Abu Bakr, the first caliph, in Arabic calligraphy
On 29 June 2014, the Islamic State of Iraq and the Levant (ISIL) declared the territories under its control, which straddles the Iraq-Syria border, to be a new caliphate called the Islamic State (IS), and named Abu Bakr al-Baghdadi as the caliph. A few days later, in a video purported to be of him, Baghdadi declared himself the world leader of Muslims and called on Muslims everywhere to support him.
Perhaps a brief explanation of what a caliph is might be in order before we examine al-Baghdadi and the genesis of his claims.
The first four caliphs are known among Sunni Muslims as the Rashidun or "Rightly-Guided Ones." They are Abu Bakr, Umar, Uthman ibn Affan, and Ali. Of these four, only Ali is accepted by the Shia. Sunnis believe that caliphs should be chosen by election or community consensus.
In contrast, Shia Muslims believe that Ali, the son-in-law and cousin of Muhammad, should have replaced Muhammad as caliph and that caliphs were to assume authority through appointment by God rather than being chosen by the people. Thus of the Rashidun they recognize only Ali's caliphate.
Abu Bakr al-Baghdadi gives a sermon at a mosque in the center of Iraq's second city,
Mosul, according to a video recording posted on the Internet, July 5, 2014.
Caliphs can be both heads of state and spiritual leaders. Islam does not have a separation of mosque and state as do many Western nations. One of the dangers of that is neither mosque nor state can develop fully as they should when their .
Since the turbulent period following Muhammad's death, there have been many caliphs. There is widespread disagreement even today on who is really a caliph, how he should be selected, and what his authority is. Thus it is hardly surprising that few Muslims outside of the IS have acknowledged al-Baghdadi as caliph, even if many might wish for a caliphate.
More pertinent to understanding Baghdadi is the time he spent in Afghanistan in the late 1990's, where he worked with Abu Musab al-Zarqawi, who later founded the al-Qaeda group in Iraq after the 2003 invasion.
After Zarqawi's returned to Iraq in the aftermath of 9/11, this group evolved into the Islamic State of Iraq ISI), following Zarqawi's death in 2006.
In Afghanistan both men have worked with the Taliban and had close contacts with Osama bin Laden. Both were later prominent players in the Sunni extremist movement in Iraq in its war against Shiism. Bagdadi, in fact, was present at its creation.
Zarqawi had a strained relationship with Ayman al-Zawahri, bin Laden's successor in al-Qaeda. Zawahri had always been skeptical of Zarqawi and his associates, whom he regarded as too sectarian and bloodthirsty, and he had counseled bin Laden not to trust Zarqawi.
Baghdadi remained leader of the ISI until its formal expansion into Syria in 2013, when in April 2013, he announced the formation of the Islamic State of Iraq and the Levant, which is alternatively translated from the Arabic as Islamic State in Iraq and Syria (ISIS). As the leader of ISIS, Baghdadi was in charge of running all ISIS activity in Iraq and Syria as emir, until that office was abolished on 29 June 014.
Early in 2014, Zawahri expelled Baghdadi from al-Qaeda. Baghdadi claims to be caliph, and he aspires to command all of Islam through what is now called the Islamic State. But he is not alone in making such a claim. Mullah Omar, who is leader of the Afghan Taliban, asserts he is the true commander of the faithful.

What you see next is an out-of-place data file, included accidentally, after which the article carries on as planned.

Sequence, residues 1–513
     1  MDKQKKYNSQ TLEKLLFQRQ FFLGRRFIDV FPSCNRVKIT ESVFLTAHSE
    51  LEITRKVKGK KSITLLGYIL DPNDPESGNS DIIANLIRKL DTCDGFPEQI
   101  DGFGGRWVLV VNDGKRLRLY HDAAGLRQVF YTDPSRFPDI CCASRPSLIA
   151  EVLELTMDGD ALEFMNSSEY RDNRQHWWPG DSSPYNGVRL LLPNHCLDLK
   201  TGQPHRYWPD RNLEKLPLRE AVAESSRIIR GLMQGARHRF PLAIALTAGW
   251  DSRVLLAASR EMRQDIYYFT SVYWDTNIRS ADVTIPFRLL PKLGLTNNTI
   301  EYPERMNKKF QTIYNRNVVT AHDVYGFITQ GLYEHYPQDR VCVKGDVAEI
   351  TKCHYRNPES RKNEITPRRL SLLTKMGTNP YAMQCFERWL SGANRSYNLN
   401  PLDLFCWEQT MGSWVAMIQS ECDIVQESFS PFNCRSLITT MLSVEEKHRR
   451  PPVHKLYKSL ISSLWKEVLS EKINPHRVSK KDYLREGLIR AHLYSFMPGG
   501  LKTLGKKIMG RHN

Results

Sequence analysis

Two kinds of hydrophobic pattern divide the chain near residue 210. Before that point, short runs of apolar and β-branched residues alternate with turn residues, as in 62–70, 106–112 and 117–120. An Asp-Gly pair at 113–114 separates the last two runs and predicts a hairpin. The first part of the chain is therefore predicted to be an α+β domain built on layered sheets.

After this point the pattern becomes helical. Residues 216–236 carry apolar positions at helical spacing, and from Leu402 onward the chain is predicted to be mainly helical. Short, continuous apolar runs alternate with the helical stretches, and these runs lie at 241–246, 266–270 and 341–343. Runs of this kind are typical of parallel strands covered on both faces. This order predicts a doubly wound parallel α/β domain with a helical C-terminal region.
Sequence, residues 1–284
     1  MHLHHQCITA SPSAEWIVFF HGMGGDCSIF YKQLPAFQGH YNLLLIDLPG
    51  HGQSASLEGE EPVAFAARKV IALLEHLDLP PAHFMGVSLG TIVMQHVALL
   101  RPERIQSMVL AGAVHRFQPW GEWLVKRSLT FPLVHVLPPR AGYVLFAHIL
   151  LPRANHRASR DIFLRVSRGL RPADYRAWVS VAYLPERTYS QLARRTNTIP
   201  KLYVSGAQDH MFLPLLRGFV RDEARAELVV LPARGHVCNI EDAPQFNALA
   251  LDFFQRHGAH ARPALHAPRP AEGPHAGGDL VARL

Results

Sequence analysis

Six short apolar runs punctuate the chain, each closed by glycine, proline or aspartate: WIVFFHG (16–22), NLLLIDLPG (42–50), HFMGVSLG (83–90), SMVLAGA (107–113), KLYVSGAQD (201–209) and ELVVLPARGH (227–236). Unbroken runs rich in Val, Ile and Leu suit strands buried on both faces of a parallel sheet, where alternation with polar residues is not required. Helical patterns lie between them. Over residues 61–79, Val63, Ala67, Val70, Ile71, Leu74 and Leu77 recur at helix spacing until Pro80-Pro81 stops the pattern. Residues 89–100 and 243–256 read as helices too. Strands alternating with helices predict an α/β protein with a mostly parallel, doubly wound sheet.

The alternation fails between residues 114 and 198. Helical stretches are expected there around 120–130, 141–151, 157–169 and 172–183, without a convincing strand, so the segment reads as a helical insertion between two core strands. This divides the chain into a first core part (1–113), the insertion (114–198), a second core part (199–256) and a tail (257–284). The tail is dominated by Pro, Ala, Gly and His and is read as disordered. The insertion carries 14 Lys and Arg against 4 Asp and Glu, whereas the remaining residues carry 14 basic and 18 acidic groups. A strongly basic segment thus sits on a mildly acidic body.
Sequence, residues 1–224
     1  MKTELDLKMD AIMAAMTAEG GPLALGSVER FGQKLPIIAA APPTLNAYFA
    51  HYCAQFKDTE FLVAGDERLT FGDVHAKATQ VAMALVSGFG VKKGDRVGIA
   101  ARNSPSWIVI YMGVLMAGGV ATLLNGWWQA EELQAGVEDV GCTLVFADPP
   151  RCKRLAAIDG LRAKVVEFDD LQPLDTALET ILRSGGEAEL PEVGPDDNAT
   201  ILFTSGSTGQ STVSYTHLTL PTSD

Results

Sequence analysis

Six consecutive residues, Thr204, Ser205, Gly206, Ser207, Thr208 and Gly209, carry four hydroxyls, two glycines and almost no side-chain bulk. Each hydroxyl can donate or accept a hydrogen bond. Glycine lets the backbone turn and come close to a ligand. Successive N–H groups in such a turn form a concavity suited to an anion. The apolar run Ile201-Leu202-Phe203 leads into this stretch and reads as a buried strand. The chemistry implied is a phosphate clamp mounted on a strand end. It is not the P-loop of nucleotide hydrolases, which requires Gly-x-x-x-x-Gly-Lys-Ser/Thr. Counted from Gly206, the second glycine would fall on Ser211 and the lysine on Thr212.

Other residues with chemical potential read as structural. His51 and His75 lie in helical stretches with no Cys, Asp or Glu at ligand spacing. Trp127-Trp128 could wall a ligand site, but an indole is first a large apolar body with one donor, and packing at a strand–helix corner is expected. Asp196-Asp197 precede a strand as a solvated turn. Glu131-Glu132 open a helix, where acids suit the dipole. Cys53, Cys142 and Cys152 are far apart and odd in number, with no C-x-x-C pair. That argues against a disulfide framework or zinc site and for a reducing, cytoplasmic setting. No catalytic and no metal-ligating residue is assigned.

Omar's claim goes back to the 1990s and was vouched for by bin Laden. Baghdadi probably believes he has now surpassed all his rivals. His decision to proclaim himself caliph directly challenges Omar's standing.
Omar is extremely taciturn and keeps himself hidden away n his Pakistani sanctuary near Quetta. He may well simply choose to ignore his rival's pretensions while hailing the successes of the jihad in the Middle East.
How did Baghdadi become caliph? It seems that simply declared himself as such, which is contrary to Sunni and Shia principles. Did God appoint him? Or was he elected? Even if IS did select him, he can hardly claim much support since the IS numbers are small, perhaps 7,000 to 20,000.
Yusuf al-Qaradawi, the noted Egyptian Sunni theologian, states: "[The] declaration issued by the Islamic State is void under sharia and has dangerous consequences for the Sunnis in Iraq and for the revolt in Syria." He explains that the title of caliph can "only be given by the entire Muslim nation" and not by a single group.
While the word of a prominent theologian is not the final word on the subject, Thus Westerners should not become too worried about the establishment of the IS. That declaration means very little until the IS can demonstrate effective control of their territory and neighboring countries and the international community recognize it. Such recognition is highly unlikely.
Similarly, Baghdadi's claim to be caliph means little until it is widely accepted. For example, I may want to call myself a king, but until I possess a territory and my claim to that territory is recognized, my declaration means little. Baghdadi's claim is equally meaningless.
Having briefly traced the genesis of his claim to be caliph, we see that he seems a rather unsavory character who has been rejected by some fellow jihadists. His spiritual qualifications for the office of caliph are dubious and his tenure as head of state may not last very long.